Record Of Investigation into Death (Without Inquest)

Coroners Act 1995
Coroners Rules 2006
Rule 11

I, Rod Chandler, Coroner, having investigated the death of
An Infant
Without Holding an Inquest

Find That:-

The infant died in 2006, in Glenorchy and was aged 6 months.

I find that the infant died as a result of sudden unexpected death in infancy while co-sleeping with an adult.

Circumstances Surrounding Death :-

The infant was born in the Royal Hobart Hospital ("the RHH") in May 2006.

During the mother's pregnancy and after the death of her partner, the mother came to the attention of medical authorities because of her psychiatric state. When she was 20 weeks pregnant she was admitted to the RHH's Department of Psychological Medicine ("DPM"). A diagnosis was made of alcohol abuse and personality disorder. She was an inpatient for three days and discharged after follow-up was organised with her general practitioner and the Antenatal Clinic. In March 2006 the mother was assessed by consultant psychiatrists at DPM at the request of Dr Stephen Raymond from the Department of Obstetrics at the RHH. She was found to have substance abuse problems and personality and situational difficulties but no psychosis or major depressive illness. She was offered admission to DPM but declined. The risks of medication and substance use on the developing foetus were discussed with her. She wished to continue her then current medication of Citalopram (40mg daily) and Diazepam (30mg). A request for additional medication was declined.

At 9:00am on the day of the infant's birth, the mother reported to midwifery staff that the baby had fallen from the bed overnight. She stated that she had been feeding the baby in bed and had woken to find the baby crying on the floor. This disclosure prompted a full assessment of the infant for injury but none was found. At this time the mother was given clear instructions not to feed the infant in bed nor to co-sleep with her. She was advised to wean her medication.

In May a social worker at the RHH attended the mother to discuss the incident earlier that day. It was explained that the mothers level of medication was of concern. The mother agreed to reduce her medication but only after she returned home. On the following day a notification was made to the Child Protection Advice and Referral Service ("CPAARS") because of concerns arising from the incident the previous day.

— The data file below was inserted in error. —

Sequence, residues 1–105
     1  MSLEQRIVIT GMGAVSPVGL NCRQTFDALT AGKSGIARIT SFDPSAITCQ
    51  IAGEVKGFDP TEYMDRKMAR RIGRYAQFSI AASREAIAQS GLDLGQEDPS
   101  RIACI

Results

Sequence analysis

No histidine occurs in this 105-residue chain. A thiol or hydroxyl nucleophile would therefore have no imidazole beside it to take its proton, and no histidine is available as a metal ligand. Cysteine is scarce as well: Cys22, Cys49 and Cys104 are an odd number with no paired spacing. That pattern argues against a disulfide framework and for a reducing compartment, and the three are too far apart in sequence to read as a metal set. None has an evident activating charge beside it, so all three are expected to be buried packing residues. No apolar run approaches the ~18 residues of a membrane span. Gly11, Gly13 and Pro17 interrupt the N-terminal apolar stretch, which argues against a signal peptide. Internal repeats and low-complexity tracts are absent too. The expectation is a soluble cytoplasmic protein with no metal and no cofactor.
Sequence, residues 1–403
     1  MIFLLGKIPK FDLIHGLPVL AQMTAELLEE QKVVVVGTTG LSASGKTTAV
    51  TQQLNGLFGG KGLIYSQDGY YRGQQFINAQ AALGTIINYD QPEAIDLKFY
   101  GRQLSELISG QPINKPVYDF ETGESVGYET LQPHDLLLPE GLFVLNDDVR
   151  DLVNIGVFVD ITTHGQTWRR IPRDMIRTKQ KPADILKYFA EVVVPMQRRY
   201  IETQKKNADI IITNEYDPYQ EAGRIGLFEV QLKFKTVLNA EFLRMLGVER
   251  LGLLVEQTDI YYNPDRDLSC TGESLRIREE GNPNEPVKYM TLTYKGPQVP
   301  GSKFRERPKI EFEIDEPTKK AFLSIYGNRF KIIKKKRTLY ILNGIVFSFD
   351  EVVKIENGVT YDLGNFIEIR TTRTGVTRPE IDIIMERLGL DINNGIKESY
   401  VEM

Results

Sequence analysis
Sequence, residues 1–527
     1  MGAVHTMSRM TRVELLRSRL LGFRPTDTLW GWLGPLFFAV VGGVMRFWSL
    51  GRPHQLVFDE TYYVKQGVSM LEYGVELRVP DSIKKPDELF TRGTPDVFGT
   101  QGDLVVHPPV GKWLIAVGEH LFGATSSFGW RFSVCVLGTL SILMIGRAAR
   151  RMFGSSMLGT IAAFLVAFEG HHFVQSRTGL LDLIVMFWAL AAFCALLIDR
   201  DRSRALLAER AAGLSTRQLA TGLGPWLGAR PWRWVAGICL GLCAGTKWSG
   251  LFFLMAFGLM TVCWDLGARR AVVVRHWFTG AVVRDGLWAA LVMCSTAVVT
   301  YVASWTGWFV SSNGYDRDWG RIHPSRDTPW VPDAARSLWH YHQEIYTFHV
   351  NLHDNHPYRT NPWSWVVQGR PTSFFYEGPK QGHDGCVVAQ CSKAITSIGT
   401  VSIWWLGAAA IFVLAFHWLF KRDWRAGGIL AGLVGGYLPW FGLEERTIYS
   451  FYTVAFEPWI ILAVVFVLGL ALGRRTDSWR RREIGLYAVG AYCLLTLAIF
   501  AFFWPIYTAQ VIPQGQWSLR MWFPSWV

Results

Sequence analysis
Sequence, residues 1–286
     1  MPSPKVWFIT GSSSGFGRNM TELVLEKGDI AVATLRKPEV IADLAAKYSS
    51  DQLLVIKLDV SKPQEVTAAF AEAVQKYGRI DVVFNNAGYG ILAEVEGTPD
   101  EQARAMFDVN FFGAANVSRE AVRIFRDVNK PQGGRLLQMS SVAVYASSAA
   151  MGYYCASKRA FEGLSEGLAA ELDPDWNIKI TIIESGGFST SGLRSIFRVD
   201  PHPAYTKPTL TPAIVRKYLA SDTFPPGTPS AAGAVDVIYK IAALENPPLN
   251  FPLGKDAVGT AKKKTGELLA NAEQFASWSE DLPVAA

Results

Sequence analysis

In May 2006 the infant was found by nursing staff crying on the floor beside the mother's bed. The mother was asleep and when woken had no recollection of how the infant could have come to be on the floor. The infant was cold with a temperature of 36.4 degrees. She was admitted to the special care nursery of the Neonatal Intensive Care Unit for observation. A drug withdrawal observation chart was commenced but no symptoms of withdrawal were detected. An examination of the infant was normal and she was observed to feed and settle satisfactorily.

Over-sedation of the mother was considered to be a contributing factor in the two instances where the infant fell onto the floor. Consequently her medications were again reviewed by the RHH's obstetric and psychiatric teams and the mother was kept under observation for signs of over-sedation and to ensure that she was well enough to resume supervised care of the infant. The mother received counselling and a social worker together with a High Risk Infant Care Nurse co-ordinated plans for the support and care of the mother and infant post-discharge.

CPAARS was notified of the infant's second fall. To that date it seems that it had not acted on the notification made 4 days earlier. This time CPAARS rated the notification Priority 2 and it was referred to the Child Protection Service for investigation and assessment. It also proposed that a case conference be held at the hospital that same day to be attended by all services working with the family. However, it seems that such conference did not occur nor was the investigation and assessment undertaken before the infant was discharged from the RHH with her mother.

CPAARS records indicate that at this time it was aware that the mother was having difficulties coping with the suicide death of her partner and that she was over-using valium. It was also aware that her inappropriate use of medication was the likely factor causative of the infant two falls whilst in hospital. Nevertheless, it was determined that the infant was not at immediate risk of harm because the mother had access to family help, notably her mother, who had indicated a willingness to stay at the home when required and to monitor the situation. It seems that it was on this basis that the infants notifications were placed on the unallocated cases list.

I need at this point to explain the unallocated list. It is my understanding that upon a child being notified to the Child Protection Services an initial assessment is undertaken to determine whether the matter requires protective investigation and if so, its priority. When a notification is assessed to require investigation but its priority is not immediate, (ie. It is classified as a Priority 2 and not a Priority 1 Notification) that matter is placed on the unallocated list pending its allocation to a child protection worker who then undertakes the protective investigation. Whether that allocation and investigation takes place is dependant upon the availability of departmental resources.

I understand that during 2006 in excess of 700 notifications had accumulated on the unallocated list at the Southern Child Protection Service Centre. I understand further that the Child Protection Service did not have the resources to manage that number of notifications with the result that many, including those concerning the infant, were unlikely to be acted upon.